British manufacturers have lost faith that the government’s fit note programme is getting people back to work, according to research by manufacturers’ organisation EEF.
The 2013 EEF/Westfield Health sickness absence survey, which questioned 353 employers, indicates that improvements in sickness absence seen in recent years have now plateaued and that further progress will only be made through concerted action to tackle longer-term absence from work.
The research found that sickness absence rates have plateaued at 2.2% and 2.3%, for 2011 and 2012 respectively, after previously falling from 3% in 2007.
The survey also found:
- The average number of days lost to absence has increased from 5.1 days in 2011 to 5.3 days in 2012.
- The proportion of employees with zero sickness absence has also remained static at 51% in 2013, having risen steadily from just over 40% over the past five years.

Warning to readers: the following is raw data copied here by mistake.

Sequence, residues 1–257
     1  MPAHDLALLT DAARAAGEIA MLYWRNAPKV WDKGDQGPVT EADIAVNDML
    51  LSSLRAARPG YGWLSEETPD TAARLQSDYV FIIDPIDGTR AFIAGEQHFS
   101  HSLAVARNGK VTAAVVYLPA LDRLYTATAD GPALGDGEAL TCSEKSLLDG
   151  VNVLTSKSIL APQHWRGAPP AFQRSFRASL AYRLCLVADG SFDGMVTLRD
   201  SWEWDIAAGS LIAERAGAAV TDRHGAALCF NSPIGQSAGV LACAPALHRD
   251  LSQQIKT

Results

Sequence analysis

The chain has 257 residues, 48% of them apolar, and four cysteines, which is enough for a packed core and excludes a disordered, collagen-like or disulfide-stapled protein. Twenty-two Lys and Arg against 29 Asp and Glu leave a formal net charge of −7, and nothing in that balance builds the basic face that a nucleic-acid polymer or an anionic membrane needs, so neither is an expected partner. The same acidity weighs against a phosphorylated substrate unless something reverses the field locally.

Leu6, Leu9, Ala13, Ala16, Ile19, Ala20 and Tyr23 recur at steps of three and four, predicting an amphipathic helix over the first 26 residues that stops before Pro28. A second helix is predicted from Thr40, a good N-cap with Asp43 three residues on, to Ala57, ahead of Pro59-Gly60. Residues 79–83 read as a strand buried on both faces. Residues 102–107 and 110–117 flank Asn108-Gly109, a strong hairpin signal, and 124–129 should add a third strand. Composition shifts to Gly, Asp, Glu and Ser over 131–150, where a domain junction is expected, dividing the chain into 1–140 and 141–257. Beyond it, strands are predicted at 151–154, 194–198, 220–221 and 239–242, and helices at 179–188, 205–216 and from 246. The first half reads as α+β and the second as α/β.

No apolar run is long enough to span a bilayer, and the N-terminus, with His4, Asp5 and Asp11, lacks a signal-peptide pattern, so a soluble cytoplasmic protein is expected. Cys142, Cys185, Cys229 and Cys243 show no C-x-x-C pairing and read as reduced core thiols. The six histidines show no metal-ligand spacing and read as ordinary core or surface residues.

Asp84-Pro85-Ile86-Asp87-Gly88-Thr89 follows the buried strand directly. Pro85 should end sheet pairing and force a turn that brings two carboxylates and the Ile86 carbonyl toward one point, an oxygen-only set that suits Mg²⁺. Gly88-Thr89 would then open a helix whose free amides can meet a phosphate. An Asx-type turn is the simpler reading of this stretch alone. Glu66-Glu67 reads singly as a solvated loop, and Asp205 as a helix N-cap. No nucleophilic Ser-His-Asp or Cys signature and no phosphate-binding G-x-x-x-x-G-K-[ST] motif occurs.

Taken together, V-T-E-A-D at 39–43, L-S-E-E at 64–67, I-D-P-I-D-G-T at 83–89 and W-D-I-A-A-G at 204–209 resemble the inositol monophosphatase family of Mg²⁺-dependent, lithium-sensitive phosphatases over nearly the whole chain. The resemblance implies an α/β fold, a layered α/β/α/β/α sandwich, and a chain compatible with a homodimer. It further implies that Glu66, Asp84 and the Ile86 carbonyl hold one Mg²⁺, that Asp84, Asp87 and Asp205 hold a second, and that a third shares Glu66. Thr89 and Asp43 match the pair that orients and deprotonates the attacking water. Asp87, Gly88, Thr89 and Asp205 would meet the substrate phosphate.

- Longer-term sickness absence is increasing (40%) rather than decreasing (24%).
- The key causes of long-term absence remain back pain and other musculoskeletal disorders.
- 26% of respondents said the fit note has resulted in employees returning to work earlier, compared to 40% of employers which said it had not.
- More respondents said they disagreed (49%) than agreed (20%) that the advice given by GPs about employees’ fitness for work has improved.
- GPs are now seen as the second biggest barrier to rehabilitating employees who have been off sick from work.
Terry Woolmer, head of health and safety policy at EEF, said: “We are only going to make further progress on sickness absence if we do something differently.
“That means making the fit note deliver the advice to help employers and employees work together to get more of them returning earlier to work.
“The government needs to sit down with employers and the medical profession to understand what is holding up progress and agree a way forward.”